Students may feel internally motivated to do better, but more often there is also a significant amount of social, familial and cultural pressure to perform. High schoolers need to get straight A’s, captain sports teams, volunteer, be part of extracurricular clubs and have a social life, all starting at thirteen.

Students find that they can do all these things and more when they take study drugs. However, taking these medications without oversight is a huge risk and children can find themselves in danger.

Health and emotional wellbeing can be put in jeopardy when these drugs are abused, incorrectly taken or taken by someone who should not be using them. Just as with any type of substance abuse, there are often deeper issues at play, and teen addiction treatment for study drug abuse should also include emotional counseling.

Harmful Side Effects & Health Risks

Stimulants are linked to a number of side effects. The most common are decreases in appetite, dry mouth, increased heart rate, and blood pressure.

Heart palpitation can also be experienced. Insomnia is another very common occurrence, and over a long period of time lack of sleep can cause many issues for the individual. Emotionally these drugs can cause significant damage to teenagers.

Stimulants tend to increase acute anxiety and have been known to cause panic attacks. They can also increase overall levels anxiousness and depression.

If someone already struggles with these issues or has been diagnosed with an anxiety or mood disorder, the effects can be even worse. A child may not understand why their anxiety or depression has spiked or is getting worse and for an already stressed out teen, the added emotional struggle can be damaging.

These drugs can also cause psychosis and paranoia in someone who has a psychotic disorder and trigger mania or hypomania in someone with Bipolar Disorder.

People with Eating Disorders can abuse these drugs as a way to suppress appetite and control weight gain, and these drugs can cause a worsening of a person’s condition. When a teen is abusing these types of drugs, they need support to not just stop using but to work through the psychological factor of the abuse.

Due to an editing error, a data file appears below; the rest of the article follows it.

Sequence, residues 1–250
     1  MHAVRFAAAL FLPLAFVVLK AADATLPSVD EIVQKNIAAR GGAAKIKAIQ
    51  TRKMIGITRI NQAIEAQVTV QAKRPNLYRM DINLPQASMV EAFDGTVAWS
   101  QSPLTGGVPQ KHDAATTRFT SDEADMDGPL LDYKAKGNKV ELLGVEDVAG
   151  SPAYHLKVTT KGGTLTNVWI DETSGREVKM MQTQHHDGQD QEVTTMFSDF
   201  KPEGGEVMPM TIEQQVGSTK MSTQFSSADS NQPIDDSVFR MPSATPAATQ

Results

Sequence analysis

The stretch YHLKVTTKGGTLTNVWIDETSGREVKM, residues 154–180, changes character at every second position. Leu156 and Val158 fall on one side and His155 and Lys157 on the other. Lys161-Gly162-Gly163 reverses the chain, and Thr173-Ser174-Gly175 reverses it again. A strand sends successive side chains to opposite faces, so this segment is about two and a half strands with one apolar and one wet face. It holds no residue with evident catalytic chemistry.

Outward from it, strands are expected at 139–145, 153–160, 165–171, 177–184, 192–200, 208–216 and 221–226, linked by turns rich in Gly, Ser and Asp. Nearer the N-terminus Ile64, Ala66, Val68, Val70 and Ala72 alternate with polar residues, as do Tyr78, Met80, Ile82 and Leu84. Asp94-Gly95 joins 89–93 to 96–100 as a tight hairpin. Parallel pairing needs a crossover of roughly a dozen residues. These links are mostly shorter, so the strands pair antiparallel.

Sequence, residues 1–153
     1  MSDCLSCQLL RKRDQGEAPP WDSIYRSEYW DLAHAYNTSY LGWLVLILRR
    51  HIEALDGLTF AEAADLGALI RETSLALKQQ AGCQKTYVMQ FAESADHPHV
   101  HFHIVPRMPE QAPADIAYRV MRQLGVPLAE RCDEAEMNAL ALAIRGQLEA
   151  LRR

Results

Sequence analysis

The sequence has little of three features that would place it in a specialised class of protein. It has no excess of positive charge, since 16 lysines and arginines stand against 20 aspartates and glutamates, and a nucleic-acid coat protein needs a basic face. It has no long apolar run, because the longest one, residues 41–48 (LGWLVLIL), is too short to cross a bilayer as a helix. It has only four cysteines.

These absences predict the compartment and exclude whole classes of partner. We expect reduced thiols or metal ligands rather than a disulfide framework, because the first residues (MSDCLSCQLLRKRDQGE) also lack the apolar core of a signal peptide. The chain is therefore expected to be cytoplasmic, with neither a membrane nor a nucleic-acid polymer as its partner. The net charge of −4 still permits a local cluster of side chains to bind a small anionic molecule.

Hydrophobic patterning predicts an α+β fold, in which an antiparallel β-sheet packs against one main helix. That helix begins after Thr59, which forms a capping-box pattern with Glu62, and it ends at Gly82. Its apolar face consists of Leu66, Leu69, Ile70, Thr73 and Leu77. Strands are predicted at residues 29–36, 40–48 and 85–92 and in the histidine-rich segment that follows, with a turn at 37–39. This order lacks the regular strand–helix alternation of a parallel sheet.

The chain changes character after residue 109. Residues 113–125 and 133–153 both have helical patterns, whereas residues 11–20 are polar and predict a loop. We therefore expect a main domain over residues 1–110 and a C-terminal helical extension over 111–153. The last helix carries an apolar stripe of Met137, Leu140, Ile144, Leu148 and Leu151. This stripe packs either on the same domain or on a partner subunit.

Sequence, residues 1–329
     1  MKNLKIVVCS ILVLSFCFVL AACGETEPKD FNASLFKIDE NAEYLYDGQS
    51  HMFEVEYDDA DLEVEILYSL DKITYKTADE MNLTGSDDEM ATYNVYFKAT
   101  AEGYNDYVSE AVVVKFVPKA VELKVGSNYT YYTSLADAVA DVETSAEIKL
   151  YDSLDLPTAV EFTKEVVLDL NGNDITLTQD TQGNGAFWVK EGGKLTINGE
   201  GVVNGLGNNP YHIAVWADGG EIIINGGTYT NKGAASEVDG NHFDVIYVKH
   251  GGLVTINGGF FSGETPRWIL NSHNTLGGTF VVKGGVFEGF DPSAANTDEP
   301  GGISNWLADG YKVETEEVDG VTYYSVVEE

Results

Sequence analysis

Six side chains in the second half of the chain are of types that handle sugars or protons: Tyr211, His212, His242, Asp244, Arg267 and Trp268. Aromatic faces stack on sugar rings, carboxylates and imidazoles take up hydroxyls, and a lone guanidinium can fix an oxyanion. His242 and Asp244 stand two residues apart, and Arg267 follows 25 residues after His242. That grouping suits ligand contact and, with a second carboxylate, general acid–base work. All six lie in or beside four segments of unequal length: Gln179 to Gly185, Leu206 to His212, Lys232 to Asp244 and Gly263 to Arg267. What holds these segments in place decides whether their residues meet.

Recovery is not just about stopping the drug use, it is also about the deeper emotional pieces that underlie the abusive behaviors. A teen prescription drug rehab facility is often necessary.

Teen at school

Treatment & Support for Your Teen

If you find that your child is abusing study drugs, it is important to get help. Asking for help and getting your teen treatment is the first step in the journey to getting better. We have teen day treatment, intensive outpatient, and Cascade Canyon Residential programs available in Colorado and Maryland.

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Online Treatment Programs

Our virtual IOP program offers the same programming that we offer in person, all online – this is ideal for those who live too far to drive to an addiction center, have transportation issues, or have health concerns that make in-person treatment challenging.

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We’re available 7 days a week to help answer any questions you may have.